By Blake Nelson
The gates opened last Saturday at 1:30 p.m. for the University of Nevada, Reno’s next step toward a more cohesive campus and community – the Biggest Little Festival.
A line stretched to the entrance of the intramural fields, lengthening and shortening throughout the afternoon and into the night. Attendees wore trendy festival attire in Reno’s dry heat to see national and local acts perform, the largest of which being California gangster rapper YG.
The festival included over 10 musical acts and featured multiple local vendors and dicey carnival rides for the courageous festivalgoer. It spread across the eastern intramural field and parking lot, lending itself to the festival tone that the Associated Students of the University of Nevada initially set out to achieve.
The Biggest Little Festival served as UNR’s Welcome Week concert; however, notable measures were taken to focus on the community and to overall make the experience richer, compared with past Welcome Week concerts.
Continuing a theme of “Campus to the City” laid out for ASUN and the university, the festival acted as another reason for students and community members to mingle and to feel accustomed and comfortable with each other.
Community members could buy tickets the day of at a higher price than students but with all of the perks that a student ticket offered.
Casandra Hurdle, director of event programming for ASUN, anticipates the result of the festival being a platform for community growth, as well as a new tradition for the university.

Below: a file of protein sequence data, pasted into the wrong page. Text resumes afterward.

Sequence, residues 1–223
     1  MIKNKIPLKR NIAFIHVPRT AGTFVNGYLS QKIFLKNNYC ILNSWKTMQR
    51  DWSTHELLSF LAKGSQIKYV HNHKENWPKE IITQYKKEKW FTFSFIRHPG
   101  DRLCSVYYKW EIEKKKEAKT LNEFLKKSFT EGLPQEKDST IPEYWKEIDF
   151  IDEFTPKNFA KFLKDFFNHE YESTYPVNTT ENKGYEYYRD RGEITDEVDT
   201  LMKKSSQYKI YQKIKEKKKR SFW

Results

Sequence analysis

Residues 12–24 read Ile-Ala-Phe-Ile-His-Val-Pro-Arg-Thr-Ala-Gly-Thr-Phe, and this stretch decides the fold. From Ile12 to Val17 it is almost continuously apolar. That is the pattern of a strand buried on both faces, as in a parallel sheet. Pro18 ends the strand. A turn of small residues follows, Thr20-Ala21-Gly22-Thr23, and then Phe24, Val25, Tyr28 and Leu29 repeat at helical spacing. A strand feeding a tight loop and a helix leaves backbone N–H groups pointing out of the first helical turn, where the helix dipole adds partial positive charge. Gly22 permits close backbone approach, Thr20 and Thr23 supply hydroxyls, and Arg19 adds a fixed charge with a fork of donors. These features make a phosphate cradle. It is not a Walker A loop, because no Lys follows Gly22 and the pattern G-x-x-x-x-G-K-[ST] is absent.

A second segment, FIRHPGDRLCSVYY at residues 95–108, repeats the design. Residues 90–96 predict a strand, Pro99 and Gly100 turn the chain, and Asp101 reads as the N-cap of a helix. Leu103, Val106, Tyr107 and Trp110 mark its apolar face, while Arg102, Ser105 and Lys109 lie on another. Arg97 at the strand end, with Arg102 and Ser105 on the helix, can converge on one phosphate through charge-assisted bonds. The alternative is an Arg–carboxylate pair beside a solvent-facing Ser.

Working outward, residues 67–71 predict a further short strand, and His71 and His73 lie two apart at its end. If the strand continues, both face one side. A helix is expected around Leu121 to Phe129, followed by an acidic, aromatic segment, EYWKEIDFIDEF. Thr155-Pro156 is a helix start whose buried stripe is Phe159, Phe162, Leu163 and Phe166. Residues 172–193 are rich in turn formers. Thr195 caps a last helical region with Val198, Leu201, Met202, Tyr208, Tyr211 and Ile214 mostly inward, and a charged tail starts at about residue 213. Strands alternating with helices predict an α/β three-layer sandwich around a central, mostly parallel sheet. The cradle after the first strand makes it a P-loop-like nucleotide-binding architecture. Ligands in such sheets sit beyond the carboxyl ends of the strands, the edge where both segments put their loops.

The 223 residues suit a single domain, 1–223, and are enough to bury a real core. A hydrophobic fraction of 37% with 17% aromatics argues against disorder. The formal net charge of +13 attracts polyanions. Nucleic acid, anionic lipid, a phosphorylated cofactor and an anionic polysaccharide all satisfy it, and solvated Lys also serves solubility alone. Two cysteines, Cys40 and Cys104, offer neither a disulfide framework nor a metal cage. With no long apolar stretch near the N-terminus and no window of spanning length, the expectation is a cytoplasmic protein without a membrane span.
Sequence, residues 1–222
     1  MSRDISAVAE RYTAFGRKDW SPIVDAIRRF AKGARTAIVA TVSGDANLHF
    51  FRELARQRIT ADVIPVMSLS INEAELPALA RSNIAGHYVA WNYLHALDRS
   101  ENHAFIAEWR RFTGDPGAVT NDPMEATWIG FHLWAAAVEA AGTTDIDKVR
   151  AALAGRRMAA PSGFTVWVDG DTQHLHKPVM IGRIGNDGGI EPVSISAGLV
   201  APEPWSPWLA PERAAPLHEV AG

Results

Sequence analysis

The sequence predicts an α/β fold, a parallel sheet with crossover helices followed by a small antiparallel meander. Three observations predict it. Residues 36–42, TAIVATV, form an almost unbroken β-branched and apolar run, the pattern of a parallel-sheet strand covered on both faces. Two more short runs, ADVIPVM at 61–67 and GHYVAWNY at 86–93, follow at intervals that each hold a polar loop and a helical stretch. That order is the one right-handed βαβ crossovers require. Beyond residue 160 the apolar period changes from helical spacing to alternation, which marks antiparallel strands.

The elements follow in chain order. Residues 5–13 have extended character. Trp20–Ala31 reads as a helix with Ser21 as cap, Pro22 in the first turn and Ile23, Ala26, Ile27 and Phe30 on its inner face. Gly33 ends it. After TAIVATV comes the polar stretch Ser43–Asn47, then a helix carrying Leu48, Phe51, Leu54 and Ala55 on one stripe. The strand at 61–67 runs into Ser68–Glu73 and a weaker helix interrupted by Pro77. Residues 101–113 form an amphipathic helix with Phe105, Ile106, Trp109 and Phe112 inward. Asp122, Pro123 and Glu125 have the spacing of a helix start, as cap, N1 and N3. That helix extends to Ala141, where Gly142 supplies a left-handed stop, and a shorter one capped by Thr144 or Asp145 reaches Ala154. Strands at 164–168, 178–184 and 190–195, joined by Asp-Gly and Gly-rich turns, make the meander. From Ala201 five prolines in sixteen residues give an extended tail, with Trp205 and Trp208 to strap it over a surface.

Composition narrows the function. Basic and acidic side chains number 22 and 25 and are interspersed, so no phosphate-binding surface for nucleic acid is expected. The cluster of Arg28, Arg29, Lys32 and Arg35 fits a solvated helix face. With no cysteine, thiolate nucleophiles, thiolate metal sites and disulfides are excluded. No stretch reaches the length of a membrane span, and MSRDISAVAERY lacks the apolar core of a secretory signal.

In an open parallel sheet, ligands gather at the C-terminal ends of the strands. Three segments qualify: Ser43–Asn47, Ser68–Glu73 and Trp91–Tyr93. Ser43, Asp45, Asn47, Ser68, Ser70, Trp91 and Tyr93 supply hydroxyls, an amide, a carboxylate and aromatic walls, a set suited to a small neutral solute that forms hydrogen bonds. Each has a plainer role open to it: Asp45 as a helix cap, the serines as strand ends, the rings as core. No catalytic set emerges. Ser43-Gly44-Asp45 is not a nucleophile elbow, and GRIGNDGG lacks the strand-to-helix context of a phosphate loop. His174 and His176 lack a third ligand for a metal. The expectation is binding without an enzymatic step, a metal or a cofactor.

“I hope the city sees that we do big and really exciting things and want to be a part of that,” Hurdle said when asked what the event would mean for the city.
Vendors were also invited to bring the city onto the campus and allow students to experience what Reno has to offer.
“I graduated from Nevada … and I also played softball,” said Britton Murdock, owner of The Biggest Little Fashion Truck. “I love this campus and I love this university, and I really want to get involved with the university’s students.”
Vendors included local food trucks like Still Rolling, an egg roll vendor, and The Golden Choke, a pop-up store that specializes in handmade choker necklaces.
ASUN also focused on the university as a whole, taking special care to include a range of genres and performers. The various performers ranged from electronic dance music to the aforementioned gangster rap of YG.
“We’re trying to reach a bigger audience for this event,” said Brandon Boone, president of ASUN. “This year we really tried to diversify the artists that we brought.”
The people who went to the festival were treated to a variety of music styles and types of performances. Most noteworthy among the acts was the explosive performance of Zella Day and the dance-inducing beats of What So Not.
It should be noted that YG’s set was anticlimactic to say the least. He showed little enthusiasm and played much fewer songs than anticipated. If this reflects on the festival, however, then it only reflects as a growing pain for the festival and not a major flaw.
Students and community members alike danced into the night, enjoying local food and carnival attractions in between the larger acts’ sets.
The direction that ASUN is taking is toward inclusion and community among students and their neighbors.
“I want this to be a staple of the campus and a way to further the ‘Campus to the City’ initiative,” Hurdle said. “When you look back I want [BLF] to be what really started it though.”
Students and members of the community can anticipate the fourth annual March from the Arch event preceding the homecoming game being more inclusive of the community as well as incorporating more parts of the university into the event.
Blake Nelson can be reached at firstname.lastname@example.org or on Twitter @b_e_nelson.